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Gina Carano Controversy Gets the ‘Saturday Night Live’ Treatment in New ‘Weekend Update’ — Watch

Carano was fired from "The Mandalorian" last week after a controversial social media post.




Surely the biggest pop culture story of last week was the firing of actress Gina Carano off the Disney+ “Star Wars” series “The Mandalorian” after she shared a social media post that was deemed anti-semitic and offensive. She was dropped by talent agency UTA and by Lucasfilm, but then later announced that she was now at work on a new project being developed and produced with conservative website The Daily Wire.

As this story has dominated the conversation, it was inevitable that Carano would pop up somehow in this weekend’s episode of “Saturday Night Live,” hosted by “One Night in Miami” Oscar contender Regina King. That reference came in the form of a “Weekend Update” bit from the segment’s co-anchor Colin Jost (opposite Michael Che).

“Yeah I don’t know if ‘Star Wars’ is the authority on what’s anti-Semitic,” he said. Then, he played a clip of Watto, the junk dealer from “The Phantom Menace,” which at the time sparked allegations of ethnic stereotype. “If that’s not Nazi propaganda, I don’t know what is,” Jost added. Watch the clip below.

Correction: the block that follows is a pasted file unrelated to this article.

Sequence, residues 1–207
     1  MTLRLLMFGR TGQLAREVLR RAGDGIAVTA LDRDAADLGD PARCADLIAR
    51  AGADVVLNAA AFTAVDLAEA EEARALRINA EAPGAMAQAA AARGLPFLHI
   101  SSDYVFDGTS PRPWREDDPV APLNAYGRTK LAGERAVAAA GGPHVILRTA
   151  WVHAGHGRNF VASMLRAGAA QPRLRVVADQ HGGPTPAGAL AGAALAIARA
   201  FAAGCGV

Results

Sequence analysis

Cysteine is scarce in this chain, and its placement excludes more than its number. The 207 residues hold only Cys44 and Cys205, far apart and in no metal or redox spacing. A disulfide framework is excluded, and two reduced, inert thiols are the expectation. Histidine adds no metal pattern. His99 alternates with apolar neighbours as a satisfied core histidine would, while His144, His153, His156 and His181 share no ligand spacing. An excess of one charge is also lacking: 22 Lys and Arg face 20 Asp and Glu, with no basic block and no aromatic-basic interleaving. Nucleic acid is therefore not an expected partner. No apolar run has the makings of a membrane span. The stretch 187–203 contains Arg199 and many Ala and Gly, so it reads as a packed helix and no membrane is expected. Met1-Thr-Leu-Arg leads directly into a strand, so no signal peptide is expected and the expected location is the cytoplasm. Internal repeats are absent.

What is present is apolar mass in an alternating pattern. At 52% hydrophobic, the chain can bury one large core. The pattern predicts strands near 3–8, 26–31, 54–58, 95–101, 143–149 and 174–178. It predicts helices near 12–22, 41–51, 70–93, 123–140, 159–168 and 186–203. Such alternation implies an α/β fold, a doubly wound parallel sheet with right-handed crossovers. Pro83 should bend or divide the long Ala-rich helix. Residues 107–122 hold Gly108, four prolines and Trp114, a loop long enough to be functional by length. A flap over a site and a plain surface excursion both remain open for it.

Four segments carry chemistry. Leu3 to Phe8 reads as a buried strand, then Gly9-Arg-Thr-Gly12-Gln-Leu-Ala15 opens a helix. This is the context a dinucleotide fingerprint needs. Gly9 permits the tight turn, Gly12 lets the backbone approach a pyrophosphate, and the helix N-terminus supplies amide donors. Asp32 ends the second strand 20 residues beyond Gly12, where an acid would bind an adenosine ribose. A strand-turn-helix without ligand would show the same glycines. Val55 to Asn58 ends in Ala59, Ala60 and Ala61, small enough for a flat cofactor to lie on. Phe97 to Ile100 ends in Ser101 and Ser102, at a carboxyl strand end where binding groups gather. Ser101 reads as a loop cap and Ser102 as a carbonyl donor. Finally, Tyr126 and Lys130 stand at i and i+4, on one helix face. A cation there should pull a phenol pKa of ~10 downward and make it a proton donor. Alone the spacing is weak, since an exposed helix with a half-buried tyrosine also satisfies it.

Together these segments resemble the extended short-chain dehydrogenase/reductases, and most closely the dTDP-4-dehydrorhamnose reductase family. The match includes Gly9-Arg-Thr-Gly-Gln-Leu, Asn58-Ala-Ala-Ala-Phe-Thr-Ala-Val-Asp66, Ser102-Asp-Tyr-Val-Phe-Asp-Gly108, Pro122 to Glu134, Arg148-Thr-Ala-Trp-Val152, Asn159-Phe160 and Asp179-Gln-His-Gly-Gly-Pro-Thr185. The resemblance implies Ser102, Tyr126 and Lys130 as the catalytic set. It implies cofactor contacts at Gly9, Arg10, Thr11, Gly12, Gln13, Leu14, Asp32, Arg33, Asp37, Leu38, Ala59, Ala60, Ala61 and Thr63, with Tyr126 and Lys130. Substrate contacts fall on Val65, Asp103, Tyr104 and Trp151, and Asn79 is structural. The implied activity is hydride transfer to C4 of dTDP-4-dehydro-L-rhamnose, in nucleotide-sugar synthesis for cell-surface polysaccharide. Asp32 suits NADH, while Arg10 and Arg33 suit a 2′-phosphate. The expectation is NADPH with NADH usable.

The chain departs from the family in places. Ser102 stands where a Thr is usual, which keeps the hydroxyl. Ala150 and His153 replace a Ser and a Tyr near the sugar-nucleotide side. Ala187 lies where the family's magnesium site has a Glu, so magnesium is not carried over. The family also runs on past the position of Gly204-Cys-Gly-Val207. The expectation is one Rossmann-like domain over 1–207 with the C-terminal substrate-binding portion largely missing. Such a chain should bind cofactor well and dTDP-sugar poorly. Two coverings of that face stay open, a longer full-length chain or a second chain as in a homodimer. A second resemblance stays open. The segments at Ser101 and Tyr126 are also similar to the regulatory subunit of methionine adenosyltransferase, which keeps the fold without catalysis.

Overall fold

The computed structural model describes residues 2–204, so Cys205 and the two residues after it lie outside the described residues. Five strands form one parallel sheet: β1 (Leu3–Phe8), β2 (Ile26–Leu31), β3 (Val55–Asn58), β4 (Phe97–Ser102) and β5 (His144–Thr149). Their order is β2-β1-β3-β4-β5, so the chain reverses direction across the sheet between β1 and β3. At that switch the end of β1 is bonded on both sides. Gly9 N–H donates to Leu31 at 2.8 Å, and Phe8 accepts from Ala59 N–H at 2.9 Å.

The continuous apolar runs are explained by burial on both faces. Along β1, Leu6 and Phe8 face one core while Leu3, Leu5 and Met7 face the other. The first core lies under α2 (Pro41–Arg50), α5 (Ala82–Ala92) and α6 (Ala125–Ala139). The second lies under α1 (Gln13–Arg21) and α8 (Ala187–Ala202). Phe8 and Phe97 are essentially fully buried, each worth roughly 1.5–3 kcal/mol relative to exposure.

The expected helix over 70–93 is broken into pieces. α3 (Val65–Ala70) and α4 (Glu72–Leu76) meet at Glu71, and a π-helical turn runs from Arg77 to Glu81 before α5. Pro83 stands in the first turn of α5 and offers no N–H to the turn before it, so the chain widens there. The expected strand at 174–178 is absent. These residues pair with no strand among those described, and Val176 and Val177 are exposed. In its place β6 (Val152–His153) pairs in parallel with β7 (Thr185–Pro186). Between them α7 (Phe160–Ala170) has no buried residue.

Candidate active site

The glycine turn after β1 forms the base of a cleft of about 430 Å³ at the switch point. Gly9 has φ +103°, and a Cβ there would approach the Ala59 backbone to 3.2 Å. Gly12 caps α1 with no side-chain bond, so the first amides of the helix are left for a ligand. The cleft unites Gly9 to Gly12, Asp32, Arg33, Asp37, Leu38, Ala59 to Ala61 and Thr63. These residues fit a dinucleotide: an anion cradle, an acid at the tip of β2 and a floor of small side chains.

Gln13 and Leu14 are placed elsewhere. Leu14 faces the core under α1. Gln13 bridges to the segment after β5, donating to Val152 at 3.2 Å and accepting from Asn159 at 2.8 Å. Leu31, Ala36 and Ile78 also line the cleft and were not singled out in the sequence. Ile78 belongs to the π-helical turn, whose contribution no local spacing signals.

The firing of Gina Carano has been met with divisive reactions on both sides of the political aisle. New York Magazine writer Jonathan Chait recently penned an essay comparing Carano’s axing to the Hollywood blacklist of the 1950s. “The post simply argued (uncontroversially) that the Holocaust grew out of a hate campaign against Jews, which it then likened (controversially) to hatred of fellow Americans for their political views,” Chait wrote, referring to Carano’s post comparing being a conservative in the currently politic climate to Nazi Germany. “I don’t find this post especially insightful. But overheated comparisons to Nazi Germany are quite common, and, more to the point, not anti-Semitic. There is no hint anywhere in this post of sympathy for Nazis or blame for their victims.”

“I am sending out a direct message of hope to everyone living in fear of cancellation by the totalitarian mob. I have only just begun using my voice which is now freer than ever before, and I hope it inspires others to do the same. They can’t cancel us if we don’t let them,” Carano said when she spoke out last week.

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